One of the most common foot complaints is heel pain, which is commonly referred to as Plantar Fasciitis. Here we’ll discuss how to prevent a visit to the doctors office when experiencing heel pain and what you can do at home to help alleviate your symptoms.
The symptoms of heel pain often start at the bottom of your heel and are very prevalent when first getting up in the morning. This is a very common complaint, and even though the pain can gradually get better throughout the day, it’s important this is treated right away. When plantar fasciitis pain is mild, you have a better chance of reversing the pain with some simple recommendations.
Shoes and Orthotics
First and foremost, the most important thing to do is to make sure your shoes are not run down. Shoes eventually wear down and do not give the foot as much support as they used to, which can cause pain. If you’re an active runner or a walker, good shoe support is key. If you are flatfooted, this becomes even more significant.
With every step you take the foot flattens, causing the fascia to pull from your heel, which can cause symptoms of heel pain. So, utilizing more support in the shoe can be very beneficial. If you don’t believe your shoes are worn down, another option would be to buy over-the-counter shoe inserts, which are also known as orthotics.
There are many options when purchasing orthotics, and you can typically find them in an athletics store. However, be careful when going to an orthotics outlet because oftentimes these devices can cost several hundreds of dollars- and you’re better off seeing a podiatrist to have custom orthotics made to work for your foot type. Ideally, you should not be spending more than $10-$15 for store-bought inserts.
Icing the Area
Icing is often used to treat sports medicine injuries and can also be employed for the reduction of pain and inflammation caused by heel pain. If you do choose to ice the area, it’s important to do it for 10 minutes twice a day. You can also roll your heel on a frozen plastic bottle as this can be beneficial.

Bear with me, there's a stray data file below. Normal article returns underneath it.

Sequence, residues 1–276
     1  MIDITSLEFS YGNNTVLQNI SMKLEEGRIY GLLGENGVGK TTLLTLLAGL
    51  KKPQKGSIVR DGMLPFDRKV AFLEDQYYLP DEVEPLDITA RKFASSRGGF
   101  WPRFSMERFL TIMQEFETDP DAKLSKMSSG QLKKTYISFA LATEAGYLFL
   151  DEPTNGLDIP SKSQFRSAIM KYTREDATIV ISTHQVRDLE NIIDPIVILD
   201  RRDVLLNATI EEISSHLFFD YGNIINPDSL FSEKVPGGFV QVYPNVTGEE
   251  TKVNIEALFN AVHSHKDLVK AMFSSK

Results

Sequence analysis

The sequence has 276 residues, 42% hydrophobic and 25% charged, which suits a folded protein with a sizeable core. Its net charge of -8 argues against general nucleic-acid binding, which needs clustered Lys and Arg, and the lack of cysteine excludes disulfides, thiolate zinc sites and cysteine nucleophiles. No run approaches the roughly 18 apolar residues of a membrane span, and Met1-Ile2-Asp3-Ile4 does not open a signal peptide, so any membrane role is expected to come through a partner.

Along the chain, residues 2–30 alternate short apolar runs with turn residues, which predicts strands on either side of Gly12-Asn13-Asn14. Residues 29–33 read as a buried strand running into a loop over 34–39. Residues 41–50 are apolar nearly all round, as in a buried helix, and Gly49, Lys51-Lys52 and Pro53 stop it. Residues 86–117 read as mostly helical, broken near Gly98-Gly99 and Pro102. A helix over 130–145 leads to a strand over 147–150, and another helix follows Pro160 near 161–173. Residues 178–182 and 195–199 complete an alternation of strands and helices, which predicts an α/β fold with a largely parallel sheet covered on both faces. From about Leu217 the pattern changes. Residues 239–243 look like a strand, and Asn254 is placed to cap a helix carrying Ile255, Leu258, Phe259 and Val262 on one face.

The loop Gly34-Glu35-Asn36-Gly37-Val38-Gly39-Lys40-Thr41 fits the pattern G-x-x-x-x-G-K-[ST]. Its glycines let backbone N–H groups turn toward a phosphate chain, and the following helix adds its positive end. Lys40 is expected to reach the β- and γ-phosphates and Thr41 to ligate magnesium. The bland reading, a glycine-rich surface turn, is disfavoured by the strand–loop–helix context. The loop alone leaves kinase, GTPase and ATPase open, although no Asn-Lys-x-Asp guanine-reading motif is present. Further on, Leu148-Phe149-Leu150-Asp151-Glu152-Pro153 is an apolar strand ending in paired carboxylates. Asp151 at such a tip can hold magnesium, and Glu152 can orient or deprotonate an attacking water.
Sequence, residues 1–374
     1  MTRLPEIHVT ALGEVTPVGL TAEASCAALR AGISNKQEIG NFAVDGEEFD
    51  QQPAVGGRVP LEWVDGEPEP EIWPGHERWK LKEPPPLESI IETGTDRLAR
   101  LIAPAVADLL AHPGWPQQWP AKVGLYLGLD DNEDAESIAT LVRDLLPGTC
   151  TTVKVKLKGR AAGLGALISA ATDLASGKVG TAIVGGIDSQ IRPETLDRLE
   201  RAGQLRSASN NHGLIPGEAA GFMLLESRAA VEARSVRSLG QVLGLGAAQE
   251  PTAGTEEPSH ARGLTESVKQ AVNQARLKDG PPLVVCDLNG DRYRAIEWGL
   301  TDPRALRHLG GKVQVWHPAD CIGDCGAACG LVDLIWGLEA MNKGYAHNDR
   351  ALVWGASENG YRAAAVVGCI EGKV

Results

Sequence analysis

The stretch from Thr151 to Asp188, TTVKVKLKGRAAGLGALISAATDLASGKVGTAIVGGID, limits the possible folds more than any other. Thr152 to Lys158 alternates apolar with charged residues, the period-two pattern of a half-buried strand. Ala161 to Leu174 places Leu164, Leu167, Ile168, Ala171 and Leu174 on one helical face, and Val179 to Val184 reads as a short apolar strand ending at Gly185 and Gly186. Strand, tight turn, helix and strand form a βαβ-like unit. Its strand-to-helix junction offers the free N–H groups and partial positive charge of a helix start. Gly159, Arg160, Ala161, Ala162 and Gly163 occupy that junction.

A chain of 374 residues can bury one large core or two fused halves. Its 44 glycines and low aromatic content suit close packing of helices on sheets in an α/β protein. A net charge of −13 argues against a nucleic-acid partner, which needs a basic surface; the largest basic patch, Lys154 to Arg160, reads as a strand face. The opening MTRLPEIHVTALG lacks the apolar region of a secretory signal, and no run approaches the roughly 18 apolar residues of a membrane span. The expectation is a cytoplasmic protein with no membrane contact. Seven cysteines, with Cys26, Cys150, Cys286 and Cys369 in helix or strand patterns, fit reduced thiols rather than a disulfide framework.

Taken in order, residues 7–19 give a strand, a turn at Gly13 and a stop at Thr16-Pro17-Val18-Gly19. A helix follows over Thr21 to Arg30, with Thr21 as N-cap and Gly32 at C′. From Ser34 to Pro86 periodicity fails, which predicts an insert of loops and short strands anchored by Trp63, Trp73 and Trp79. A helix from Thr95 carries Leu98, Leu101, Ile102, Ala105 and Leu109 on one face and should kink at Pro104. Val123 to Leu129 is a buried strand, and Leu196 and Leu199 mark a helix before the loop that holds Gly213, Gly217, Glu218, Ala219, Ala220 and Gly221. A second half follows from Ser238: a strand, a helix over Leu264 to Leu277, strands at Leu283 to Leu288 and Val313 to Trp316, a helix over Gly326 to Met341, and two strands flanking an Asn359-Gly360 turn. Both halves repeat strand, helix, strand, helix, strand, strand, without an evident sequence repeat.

Stretching before you get up in the morning can also help as it can reduce the pain and inflammation of the plantar fascia. In order to stretch this area correctly you should keep your knee straight and put your foot up towards you. By keeping your knee straight you are stretching your calf and achilles tendon; this will allow your ankle to flex up more and thereby lessen the need for excessive pulling of the fascia. The band of tissue you can feel beneath your skin in the arch is the fascia. It is often suggested to be careful with this because there have been cases where this can actually worsen the symptoms.
Another way to help stretch the achilles, calf and plantar fascia is by using a night splint. Although they have shown to be useful for many, they can also be an annoyance and reduce sleep quality.
Anti-inflammatories can also be taken. These medications help with the pain and inflammation for those experiencing mild plantar fasciitis. Anti-inflammatories can be taken for approximately one or two weeks to see if they help.
Cut Down on Activities
Lastly, it’s important to back off your activity level. While moving around may be a part of what you do, it’s not helping your heel heal! You can back off entirely, or even cut it down by 50%. One of the most common causes of heel pain is doing too much too soon. When people take up a new form of exercise, such as walking or running, it is important to factor in days of rest- especially since your body requires long periods of rest when injured. Resting is as important as the stress you put on your body to become more fit. Therefore, if you’re walking or running five days a week, maybe cut back to just two or three to see if there is improvement.
If you’ve attempted these treatments for approximately three to four weeks and have seen no results, it’s probably time to consider professional attention as you may need more aggressive treatment options. Even so, it is important to note that early and aggressive intervention can spare you a trip to the podiatrist’s office.